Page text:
when you do work elsewhere in addition to your main job
What is moonlighting & can I do it?
Moonlighting is any job you have secondary to your primary job. It doesn’t have to relate to your main job.
Doing extra work whilst on the scheme is not encouraged, but can be done with the explicit agreement of your TPD, GP Trainer or Educational Supervisor. We know you are often encouraged to do extra sessions in departments where you have worked previously (most commonly A+E). This can be entirely reasonable. But if you are struggling to keep up with things like the ePortfolio this can prove highly problematic. There is an association between failure to complete the scheme successfully and having significant outside commitments. Covering extra sessions in your current department is perhaps a little different, but similar issues can still apply and worth discussing with your Educational Supervisor or TPD advisor.
According to the BMA model contract for GP trainees…
With the agreement of your Trainer/Educational Supervisor, you may arrange to undertake any duties or professional activities outside those of the practice whether remunerated or not. Agreement will not be unreasonably withheld. Any medical duties or appointments outside the practice area must not compete with the Trainer/Educational Supervisor’s practice or impinge on your contracted duties with the practice, or upon your GP vocational training. This applies equally whether such duties are remunerated or not. Consent does not imply any responsibility by the partners for your acts and omissions in the course of such activities. You are advised to ensure that your membership of a recognised medical defence organisation is commensurate with these activities.
Therefore, we don’t mind you moonlighting providing you are full-time (part-time trainees are not allowed, see below) and it is authorised. By authorised we mean, it has been agreed between Educational/Clinical Supervisor and learner that it is permissible because
- There are good reasons for it AND
- All parties don’t think it will affect the learner’s main training job and the learning to be had from it AND
- It wont breach the European Working Time Directive (see below).
If moonlighting breaks the European Working Time Directive, you can be in SERIOUS trouble
The European Working Time Directive (EWTD) was enacted into UK law on 1 October 1998 as the Working Time Regulations. It is legislation that is intended to support the health and safety of workers by setting minimum requirements for working hours, rest periods and annual leave. In other words, it is there to protect you (the trainee) by making sure you get enough rest. Its main features are as follows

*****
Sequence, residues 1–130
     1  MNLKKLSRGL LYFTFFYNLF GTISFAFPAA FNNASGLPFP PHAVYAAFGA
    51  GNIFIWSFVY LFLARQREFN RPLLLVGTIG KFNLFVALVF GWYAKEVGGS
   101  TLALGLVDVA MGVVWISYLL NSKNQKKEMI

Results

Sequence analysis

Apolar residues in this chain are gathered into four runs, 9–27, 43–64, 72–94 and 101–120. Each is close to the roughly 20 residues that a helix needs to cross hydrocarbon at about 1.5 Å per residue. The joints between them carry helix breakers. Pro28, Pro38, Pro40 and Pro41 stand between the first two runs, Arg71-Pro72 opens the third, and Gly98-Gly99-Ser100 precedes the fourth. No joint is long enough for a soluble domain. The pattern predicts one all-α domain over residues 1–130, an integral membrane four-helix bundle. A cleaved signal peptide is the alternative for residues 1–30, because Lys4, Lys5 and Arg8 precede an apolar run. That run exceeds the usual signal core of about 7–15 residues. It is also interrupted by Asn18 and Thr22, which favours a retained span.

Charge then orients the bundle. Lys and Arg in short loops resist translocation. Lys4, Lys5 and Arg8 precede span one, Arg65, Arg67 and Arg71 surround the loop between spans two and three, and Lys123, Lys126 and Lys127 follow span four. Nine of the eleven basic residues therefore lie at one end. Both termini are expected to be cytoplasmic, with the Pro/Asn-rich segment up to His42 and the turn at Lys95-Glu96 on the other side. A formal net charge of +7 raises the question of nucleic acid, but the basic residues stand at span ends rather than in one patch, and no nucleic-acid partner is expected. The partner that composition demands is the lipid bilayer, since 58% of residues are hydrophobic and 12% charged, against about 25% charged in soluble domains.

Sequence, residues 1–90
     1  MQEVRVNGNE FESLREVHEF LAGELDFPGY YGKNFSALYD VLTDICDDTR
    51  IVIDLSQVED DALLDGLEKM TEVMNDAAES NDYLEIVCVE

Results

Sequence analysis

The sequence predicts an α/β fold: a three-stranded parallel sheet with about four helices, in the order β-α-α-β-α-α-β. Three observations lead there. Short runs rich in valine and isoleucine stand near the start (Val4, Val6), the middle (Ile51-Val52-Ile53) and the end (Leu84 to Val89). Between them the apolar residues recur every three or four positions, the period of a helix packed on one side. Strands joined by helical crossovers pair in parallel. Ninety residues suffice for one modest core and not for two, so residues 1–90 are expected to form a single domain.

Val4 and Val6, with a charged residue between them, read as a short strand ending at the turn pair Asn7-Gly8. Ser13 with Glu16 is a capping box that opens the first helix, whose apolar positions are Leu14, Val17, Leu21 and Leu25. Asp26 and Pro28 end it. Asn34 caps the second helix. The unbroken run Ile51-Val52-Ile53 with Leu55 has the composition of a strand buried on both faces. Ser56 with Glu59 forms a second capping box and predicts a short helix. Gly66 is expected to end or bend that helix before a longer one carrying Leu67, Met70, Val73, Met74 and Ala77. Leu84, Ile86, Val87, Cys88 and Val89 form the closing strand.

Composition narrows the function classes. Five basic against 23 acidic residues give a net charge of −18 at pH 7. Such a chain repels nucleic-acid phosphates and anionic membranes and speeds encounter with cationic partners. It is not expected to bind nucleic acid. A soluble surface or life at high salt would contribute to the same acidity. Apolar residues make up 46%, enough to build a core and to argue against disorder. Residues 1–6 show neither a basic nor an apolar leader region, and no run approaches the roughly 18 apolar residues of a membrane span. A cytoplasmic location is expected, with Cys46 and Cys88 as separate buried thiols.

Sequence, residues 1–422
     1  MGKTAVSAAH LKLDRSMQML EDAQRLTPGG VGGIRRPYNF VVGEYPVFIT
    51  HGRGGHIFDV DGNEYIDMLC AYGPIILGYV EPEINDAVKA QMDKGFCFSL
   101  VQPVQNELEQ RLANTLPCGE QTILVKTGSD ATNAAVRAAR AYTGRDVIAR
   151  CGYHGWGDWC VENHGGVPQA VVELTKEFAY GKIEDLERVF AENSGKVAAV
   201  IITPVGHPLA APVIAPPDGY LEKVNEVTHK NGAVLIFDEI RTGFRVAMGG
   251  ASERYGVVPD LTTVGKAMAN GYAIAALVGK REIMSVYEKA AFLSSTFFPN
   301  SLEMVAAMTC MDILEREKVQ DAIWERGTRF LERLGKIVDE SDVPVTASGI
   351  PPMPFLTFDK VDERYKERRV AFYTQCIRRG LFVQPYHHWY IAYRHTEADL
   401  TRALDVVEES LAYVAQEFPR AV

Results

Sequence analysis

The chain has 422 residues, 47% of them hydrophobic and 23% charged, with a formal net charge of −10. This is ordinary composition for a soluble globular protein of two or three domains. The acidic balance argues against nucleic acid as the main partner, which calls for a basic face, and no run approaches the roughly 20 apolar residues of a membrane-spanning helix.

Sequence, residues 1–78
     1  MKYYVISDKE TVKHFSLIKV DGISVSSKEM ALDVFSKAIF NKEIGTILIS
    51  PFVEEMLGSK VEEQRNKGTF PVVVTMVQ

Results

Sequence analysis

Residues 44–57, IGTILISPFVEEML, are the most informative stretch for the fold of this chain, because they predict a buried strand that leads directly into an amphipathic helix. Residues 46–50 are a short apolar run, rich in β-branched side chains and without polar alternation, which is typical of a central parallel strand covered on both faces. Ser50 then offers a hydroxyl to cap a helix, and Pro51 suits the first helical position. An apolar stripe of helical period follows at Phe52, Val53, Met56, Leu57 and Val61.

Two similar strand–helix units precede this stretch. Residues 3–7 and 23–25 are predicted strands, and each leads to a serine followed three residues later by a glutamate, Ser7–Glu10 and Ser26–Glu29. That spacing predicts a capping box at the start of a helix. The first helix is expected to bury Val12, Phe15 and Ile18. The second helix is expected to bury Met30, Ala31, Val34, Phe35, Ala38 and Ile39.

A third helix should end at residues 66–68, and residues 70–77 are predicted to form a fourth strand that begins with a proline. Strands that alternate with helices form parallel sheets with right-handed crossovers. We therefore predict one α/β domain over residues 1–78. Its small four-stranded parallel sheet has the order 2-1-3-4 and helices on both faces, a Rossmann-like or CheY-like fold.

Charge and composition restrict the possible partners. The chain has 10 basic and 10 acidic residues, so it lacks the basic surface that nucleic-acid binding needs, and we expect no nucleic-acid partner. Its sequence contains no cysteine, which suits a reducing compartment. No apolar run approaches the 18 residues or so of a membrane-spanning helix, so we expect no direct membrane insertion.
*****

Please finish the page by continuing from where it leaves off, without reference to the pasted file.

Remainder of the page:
- That you work no more than an average of 48 hours each week (excluding lunch hour and time taken to travel to and from work). The average is worked out over a period of 6 months (26 weeks): i.e. divide the number of hours worked over 6 months, by 26 weeks.
- You must get 11 hours continuous rest in a 24 hour period
- You must get 24 hours continuous rest in 7 days (or 48 hrs in 14 days): for instance, if you do extra work at weekends.
- You must get a 20 minute break in work periods of over 6 hours.
The problem with moonlighting is that you may end up breaking the first three points in the list above. The penalties for non-compliance include:
- Employment Tribunal proceedings;
- Employer imprisonment.
What about part-time trainees (LTFTT)? Can we moonlight?
Trainees who are eligible for LTFTT should note that many GP Schools say that they are not permitted to undertake any regular employment, either within or out of the NHS, in addition to their 50% or 60% timetable and their timetabled out of hours work. However, if there is a requirement within the department for an occasional additional shift due to unexpected circumstances (ie sick leave) trainees are encouraged to assist their fellow team members, it should be noted that this is not for planned absences (i.e. annual leave). Please ask your local GP School/Deanery/HEE/GP Training scheme for advice.
Remember, the basis of you being granted part-time GP training status was most likely to try and be flexible around you and to meet your needs; to make things easier for you. To then say I want to work more but elsewhere goes against the reason why LFTTT status was given in the first place. If you want to increase the percentage time you are working, talk to your TPD to see if you can change current LFTTT status.
You must disclose if you are moonlighting to your employers
If you are moonlighting, you MUST disclose this to both employers that you are working for another employer. If you don’t, then you risk being in breach of your contractual duty, as a result of working for two trusts. If you work excessive hours, have not disclosed this to either employer and have not signed an EWTD opt-out form, this could end up as a disciplinary matter.
- In hospital rotations, you should inform your Clinical Supervisor and Human Resources.
- In General Practice, if your employment contract is with the practice (which is not very common these days), you should inform the GP Trainer and Practice Manager.
- In GP if, if your employment contract is with the hospital (which for most GP schemes it is), then again it is Human Resources.
- In every case, please also tell your Training Programme Director AND your Educational Supervisor.